There is strong alignment between the action and investment in life sciences in the region and the national priorities across innovation and commercialisation, creating the right business environment, maximising industry’s global footprint, and anchoring companies and jobs for the long term.

Life Sciences
Bespoke business support for the sector

More bespoke support from ONE has helped the sector to prepare for and pursue its commercialisation ambitions during 2020.
Knowing the pressure on leaders in the current fast-changing environment, the ONE Life Sciences Leadership Forum launched in the spring to focus on commercial issues and provide practical support to businesses at all stages of their growth. The initial series of online workshops dealt with digital marketing and engagement, value propositions, data visualisation, IP and clinical pathway strategies, and investor readiness.
The 2021 programme is under development and will take account of the sector's evolving needs.
Dr Jude Huggan and Dr Sheila Batchelor from Aberdeen-based microbiology, biological material storage and analytical services company NCIMB Ltd participated in the initial workshops. Dr Huggan said: "These workshops afforded NCIMB valuable insight into key aspects of digital marketing, which we can utilise to increase our digital presence as we look to raise awareness of our full range of products and services and deliver our growth strategy."
Rebecca Andersen, Market Access and Corporate Communications Manager at TauRX, a leader in Alzheimer's disease research, said: "The first series of ONE Life Sciences Leadership Forum sessions were the perfect balance of new information, reinforcement of important principals and well-pitched, practical guidance. For me, being new to the industry, it was also a great way to meet others in similar positions from different life sciences companies."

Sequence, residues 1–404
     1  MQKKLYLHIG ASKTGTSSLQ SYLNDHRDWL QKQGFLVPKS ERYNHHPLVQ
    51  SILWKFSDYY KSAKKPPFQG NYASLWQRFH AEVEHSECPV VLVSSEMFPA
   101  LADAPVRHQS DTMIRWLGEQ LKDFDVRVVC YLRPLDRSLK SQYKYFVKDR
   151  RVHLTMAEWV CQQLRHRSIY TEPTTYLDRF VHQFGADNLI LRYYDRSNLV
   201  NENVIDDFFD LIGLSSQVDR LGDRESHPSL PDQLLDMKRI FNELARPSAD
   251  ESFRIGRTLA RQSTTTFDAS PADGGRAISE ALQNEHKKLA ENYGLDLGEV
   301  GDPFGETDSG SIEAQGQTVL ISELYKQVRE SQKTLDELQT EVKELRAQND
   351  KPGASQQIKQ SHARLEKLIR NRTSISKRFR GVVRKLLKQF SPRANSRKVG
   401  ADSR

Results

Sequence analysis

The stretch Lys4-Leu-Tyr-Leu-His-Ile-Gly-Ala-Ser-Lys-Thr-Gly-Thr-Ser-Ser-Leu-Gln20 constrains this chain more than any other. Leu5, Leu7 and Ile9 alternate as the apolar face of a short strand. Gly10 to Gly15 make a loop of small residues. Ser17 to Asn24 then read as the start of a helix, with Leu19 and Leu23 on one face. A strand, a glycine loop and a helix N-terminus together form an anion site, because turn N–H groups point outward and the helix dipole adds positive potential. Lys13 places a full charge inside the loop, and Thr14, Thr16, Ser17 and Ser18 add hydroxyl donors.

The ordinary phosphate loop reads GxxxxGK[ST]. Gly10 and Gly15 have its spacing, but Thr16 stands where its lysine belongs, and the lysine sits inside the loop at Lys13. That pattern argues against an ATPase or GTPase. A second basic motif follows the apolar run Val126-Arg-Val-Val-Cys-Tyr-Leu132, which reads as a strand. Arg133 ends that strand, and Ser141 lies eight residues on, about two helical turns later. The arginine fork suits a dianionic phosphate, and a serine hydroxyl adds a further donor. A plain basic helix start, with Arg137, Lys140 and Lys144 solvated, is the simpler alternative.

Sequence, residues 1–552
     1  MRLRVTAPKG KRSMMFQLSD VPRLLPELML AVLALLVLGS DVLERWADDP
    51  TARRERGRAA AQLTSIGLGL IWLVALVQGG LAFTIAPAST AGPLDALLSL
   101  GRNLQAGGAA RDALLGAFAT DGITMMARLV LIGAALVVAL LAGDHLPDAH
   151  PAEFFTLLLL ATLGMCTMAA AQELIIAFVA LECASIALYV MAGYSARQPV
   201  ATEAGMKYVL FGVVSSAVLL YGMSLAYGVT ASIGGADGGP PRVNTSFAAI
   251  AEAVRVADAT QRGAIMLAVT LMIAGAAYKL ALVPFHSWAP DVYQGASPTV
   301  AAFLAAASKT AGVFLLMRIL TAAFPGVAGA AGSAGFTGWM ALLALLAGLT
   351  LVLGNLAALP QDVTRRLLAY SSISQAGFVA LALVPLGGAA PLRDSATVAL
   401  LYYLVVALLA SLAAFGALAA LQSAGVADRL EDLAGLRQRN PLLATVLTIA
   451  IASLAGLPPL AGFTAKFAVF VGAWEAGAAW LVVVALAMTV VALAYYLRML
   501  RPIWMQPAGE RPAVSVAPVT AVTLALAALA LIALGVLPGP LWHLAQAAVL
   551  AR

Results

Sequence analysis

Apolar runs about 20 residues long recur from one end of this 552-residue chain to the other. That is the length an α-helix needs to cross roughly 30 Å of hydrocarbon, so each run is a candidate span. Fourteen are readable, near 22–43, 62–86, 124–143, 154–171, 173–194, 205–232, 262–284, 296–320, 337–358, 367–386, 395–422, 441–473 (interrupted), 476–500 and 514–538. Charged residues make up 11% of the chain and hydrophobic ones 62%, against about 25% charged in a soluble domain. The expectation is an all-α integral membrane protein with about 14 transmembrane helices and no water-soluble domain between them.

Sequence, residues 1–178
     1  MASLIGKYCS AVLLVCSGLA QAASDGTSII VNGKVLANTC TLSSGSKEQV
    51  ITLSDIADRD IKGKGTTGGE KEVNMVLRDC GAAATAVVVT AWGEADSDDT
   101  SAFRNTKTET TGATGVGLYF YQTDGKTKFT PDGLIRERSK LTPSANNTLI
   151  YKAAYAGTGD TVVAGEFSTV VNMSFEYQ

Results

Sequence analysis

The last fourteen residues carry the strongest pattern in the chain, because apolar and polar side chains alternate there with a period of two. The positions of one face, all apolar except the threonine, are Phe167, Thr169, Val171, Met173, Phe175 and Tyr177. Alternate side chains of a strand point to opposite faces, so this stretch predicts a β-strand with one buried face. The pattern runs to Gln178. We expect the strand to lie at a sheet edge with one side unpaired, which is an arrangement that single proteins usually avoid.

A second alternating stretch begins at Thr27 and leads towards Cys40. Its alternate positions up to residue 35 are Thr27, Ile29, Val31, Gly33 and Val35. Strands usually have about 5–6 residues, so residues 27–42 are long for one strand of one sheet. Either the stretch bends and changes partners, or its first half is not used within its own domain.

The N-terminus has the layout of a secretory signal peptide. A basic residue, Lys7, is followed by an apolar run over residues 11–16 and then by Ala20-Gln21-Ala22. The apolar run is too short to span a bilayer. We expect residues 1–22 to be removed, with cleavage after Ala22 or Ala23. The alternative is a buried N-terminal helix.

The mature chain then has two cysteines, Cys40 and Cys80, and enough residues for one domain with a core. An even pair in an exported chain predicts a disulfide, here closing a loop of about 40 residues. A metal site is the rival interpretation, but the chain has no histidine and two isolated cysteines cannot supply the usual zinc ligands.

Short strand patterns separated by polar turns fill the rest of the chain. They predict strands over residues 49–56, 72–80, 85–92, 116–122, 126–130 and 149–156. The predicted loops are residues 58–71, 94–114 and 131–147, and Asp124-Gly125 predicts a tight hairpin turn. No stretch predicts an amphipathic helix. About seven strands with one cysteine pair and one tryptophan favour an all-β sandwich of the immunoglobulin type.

Working with next generation companies

ONE helped the next generation of life sciences entrepreneurs in the region to take their first commercialisation steps. ONE’s introduction to start-up programme ran in September and October, introducing people with research and ideas to lean start-up tools to assess their commercial potential and develop their value propositions. ONE funded the programme and worked with BioCity Group on its delivery.
The programme identified two exciting early-stage concepts, and their founders are benefitting from additional development support and coaching.
atLast is developing an early warning test that can alert surgeons to potentially toxic levels of local anaesthetic during surgical procedures. CFTest is researching the development of a hand-held scanner that can detect early-stage cancers.
Rebecca Parr of atLast is principal scientist with Scotia Biologics and is working towards a PhD with the University of Aberdeen. She said: “I jumped at the opportunity to take part in the programme. It has given me invaluable insight into the world of business start-up and product commercialisation. I have learnt so much from inspiring people who have been through the process themselves. With their shared knowledge and experience, I now feel more prepared to take the first steps into the development of a commercial product.”
ONE will launch a new life sciences accelerator programme in January to support and increase commercialisation within the region’s academic, clinical and research communities.

Life Sciences
Network meetings and national profile

The regional life sciences community continued to meet and share insights and to raise its profile with national audiences through opportunities created by ONE.
The ONE Life Sciences Network successfully pivoted to a virtual format. It brought the local community together and explored the changing healthcare environment, the regional response to COVID-19 and the commercialisation journey of Aberdeen medtech business Sirakoss.
ONE’s partnership with The Times and Sunday Times Scotland delivered the inaugural Scottish Life Sciences Summit in Aberdeen at the end of February, including special guests Nobel laureate Sir Greg Winter (pictured above) and Dr John McCafferty. ONE was also a partner in the virtual Scotsman Life Sciences Conference in December that saw the formal launch of the Scottish Life Sciences Covid-19 Strategic Response Plan. Both events provided valuable platforms to showcase Aberdeen companies, raise the region’s profile and generated significant media coverage.